U.S. Trade policy and Immigration: Connecting the Dots

Border wall section near the Eagle Pass Int’l Bridge.

 

COMMENTARY

The border, migrant laborers, the maquiladoras and now ICE jails and deportation.

Why hasn’t the discourse on immigration reform ever taken into account how NAFTA produced waves of migration to the U.S.?  Or how CAFTA brought in maquiladoras but didn’t help with producing greater stability in the Central American countries overwhelmed by systemic corruption and violence?

The American public is inundated with stories about the human suffering caused by Trump anti-immigrant policies.

But no one seems to take seriously how U.S. trade policies contributed to the waves of mass migration that followed the implementation of trade agreements always favoring corporate interests over human needs for living wages, safety and health.

Trump’s anti-immigrant policies and practices are in fact intimately connected to many problematic aspects of the globalizing economy in recent decades.  Promoters of a free global market like borderless investment for capital and corporations.  They don’t appreciate the demands of workers to living wages and workplace safety.   NAFTA allowed companies to outsource and avoid union wages in the U.S.  When the jobs arrived in Mexico they were systematically anti-worker, anti-woman, toxic, and especially anti-union.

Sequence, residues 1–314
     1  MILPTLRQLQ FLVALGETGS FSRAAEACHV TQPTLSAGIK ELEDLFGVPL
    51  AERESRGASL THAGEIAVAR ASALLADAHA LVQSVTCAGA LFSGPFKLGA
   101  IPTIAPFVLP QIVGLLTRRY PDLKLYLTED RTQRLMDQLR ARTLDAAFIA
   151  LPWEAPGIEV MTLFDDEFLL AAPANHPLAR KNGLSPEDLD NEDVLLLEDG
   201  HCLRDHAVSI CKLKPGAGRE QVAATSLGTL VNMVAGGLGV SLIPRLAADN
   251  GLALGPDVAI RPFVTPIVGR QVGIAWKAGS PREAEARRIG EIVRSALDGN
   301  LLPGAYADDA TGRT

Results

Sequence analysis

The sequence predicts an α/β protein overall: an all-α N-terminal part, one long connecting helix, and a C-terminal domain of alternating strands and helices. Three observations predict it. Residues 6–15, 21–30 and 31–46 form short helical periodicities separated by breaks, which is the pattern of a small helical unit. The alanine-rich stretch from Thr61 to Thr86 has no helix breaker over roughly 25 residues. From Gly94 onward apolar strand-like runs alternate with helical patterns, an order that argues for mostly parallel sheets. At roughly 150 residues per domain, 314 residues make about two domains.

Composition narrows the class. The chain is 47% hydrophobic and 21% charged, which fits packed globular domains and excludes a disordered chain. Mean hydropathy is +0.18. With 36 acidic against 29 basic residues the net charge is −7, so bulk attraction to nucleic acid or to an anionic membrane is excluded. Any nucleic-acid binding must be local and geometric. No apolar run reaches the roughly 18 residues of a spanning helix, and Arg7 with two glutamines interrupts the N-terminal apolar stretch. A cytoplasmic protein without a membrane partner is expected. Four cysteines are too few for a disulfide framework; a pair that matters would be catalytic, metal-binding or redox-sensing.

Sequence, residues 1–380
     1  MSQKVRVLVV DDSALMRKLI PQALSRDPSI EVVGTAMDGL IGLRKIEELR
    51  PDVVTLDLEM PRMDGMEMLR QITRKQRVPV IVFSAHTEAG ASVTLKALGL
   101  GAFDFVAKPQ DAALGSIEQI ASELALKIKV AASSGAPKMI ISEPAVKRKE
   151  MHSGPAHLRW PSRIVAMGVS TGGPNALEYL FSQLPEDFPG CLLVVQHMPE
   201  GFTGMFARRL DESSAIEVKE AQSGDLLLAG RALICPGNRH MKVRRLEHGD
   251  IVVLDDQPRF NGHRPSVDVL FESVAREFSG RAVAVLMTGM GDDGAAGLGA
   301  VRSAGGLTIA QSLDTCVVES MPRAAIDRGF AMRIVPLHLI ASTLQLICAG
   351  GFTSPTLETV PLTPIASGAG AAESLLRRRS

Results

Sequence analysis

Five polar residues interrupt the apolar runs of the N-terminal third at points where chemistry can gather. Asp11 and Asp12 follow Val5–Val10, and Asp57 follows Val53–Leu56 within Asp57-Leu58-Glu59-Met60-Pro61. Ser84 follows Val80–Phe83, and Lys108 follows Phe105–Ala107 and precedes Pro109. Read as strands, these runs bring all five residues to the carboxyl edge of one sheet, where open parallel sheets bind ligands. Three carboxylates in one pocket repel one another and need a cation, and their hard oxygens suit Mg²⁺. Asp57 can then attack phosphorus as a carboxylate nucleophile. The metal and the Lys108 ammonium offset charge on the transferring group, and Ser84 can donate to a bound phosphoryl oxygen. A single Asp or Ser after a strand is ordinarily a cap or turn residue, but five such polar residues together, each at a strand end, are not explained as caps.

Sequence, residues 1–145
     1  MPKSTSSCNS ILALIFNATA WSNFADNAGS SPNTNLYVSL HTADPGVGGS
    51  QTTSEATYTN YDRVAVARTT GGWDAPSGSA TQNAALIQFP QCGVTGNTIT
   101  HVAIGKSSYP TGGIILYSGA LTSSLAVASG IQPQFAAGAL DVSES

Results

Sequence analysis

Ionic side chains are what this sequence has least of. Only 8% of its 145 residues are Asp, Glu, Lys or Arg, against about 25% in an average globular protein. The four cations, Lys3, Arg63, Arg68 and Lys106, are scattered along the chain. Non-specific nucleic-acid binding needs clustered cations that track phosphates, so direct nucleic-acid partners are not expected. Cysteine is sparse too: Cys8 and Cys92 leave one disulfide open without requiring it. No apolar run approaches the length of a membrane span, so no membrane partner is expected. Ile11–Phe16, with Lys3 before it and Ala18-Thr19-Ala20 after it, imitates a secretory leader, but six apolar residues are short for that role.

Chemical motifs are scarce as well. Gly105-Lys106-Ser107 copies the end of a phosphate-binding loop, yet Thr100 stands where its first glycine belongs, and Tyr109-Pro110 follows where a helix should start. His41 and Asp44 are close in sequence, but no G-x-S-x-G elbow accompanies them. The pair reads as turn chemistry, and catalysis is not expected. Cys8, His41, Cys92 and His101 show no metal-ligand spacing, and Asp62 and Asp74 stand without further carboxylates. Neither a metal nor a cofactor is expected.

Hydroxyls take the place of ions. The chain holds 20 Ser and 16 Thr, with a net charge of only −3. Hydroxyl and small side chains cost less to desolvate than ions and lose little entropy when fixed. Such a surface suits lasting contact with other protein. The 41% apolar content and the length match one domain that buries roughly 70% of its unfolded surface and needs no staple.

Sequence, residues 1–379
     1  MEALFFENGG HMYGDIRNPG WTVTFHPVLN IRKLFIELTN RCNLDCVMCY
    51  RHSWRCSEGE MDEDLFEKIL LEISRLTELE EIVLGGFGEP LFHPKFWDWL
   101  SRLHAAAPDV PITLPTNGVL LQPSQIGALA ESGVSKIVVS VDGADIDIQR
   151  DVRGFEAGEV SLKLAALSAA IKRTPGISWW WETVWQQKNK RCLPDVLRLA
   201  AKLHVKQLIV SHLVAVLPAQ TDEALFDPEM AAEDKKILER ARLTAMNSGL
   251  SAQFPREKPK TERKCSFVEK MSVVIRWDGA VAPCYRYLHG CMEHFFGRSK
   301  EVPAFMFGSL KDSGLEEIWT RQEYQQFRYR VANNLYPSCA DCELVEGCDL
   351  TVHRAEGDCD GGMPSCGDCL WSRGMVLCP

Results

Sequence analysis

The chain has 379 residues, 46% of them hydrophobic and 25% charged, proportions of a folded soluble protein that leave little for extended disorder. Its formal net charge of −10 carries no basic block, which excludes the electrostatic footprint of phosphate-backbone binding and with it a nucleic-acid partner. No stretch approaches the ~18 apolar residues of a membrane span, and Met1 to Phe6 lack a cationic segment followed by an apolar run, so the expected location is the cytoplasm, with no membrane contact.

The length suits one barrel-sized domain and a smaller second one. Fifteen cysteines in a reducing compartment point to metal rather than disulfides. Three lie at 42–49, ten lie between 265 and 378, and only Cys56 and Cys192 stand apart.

Neither NAFTA nor Trump’s new USMCA guarantee a better life for workers on either side of the border.  Corporate capital still moves freely without any concern for borders.  But for people escaping an unsafe maquiladora job, or gang related death threats, kidnappings or sexual violence, hunger and poverty, or loss of jobs or livelihood because of anti-small farmer trade deals or natural disaster,  the border is closed.

Closed, policed and militarized.

Meanwhile people and children sit in cages and detention.  The owners of those immigration jails rake in profits from contracts with DHS/ICE. The shareholders of those prison companies enjoy wildly successful earnings on the stock market.

The essence of both current trade and immigration policy appears to be the same — make money, lots of it, and if necessary or convenient, profit from human suffering.

This website is dedicated to social justice education about the ways U.S. trade policy, the global economy, immigration policy and human lives intersect.

WOB is dedicated  to raising awareness of the human rights implications surrounding trade policies with Mexico or Central America and current anti-migrant policy and practice.  Our goal is to broaden understanding of how trade agreements, old and new, have usually denied respect for the basic human dignity of workers, migrants and their families and how corporations also benefit from increased militarization of the border and border wall construction.

U.S. free trade agendas have never helped workers either here or abroad. Post NAFTA, or Trump’s revised USMCA, the movement of capital remains borderless and free.  The movement of workers, migrants or asylum seekers is not.

The intersecting policies of trade and immigration have produced harm in so many ways —  militarized borders, destruction of lives, communities, wildlife and people with bigger walls, migrants dying in deserts and mountains, detention, family separations, children in cages, deportations and innocent people dying while in ICE custody.

ERA, Board member, October 2019

Protesting deaths of migrants at the border caused by militarization and walls.

Journey of an Immigrant Delegation (2012). A Sierra Club volunteer shows delegates how the wall does more harm than good.

 

 

 

 

 

 

About wpadmin

law prof emeritus, lawyer, writer.
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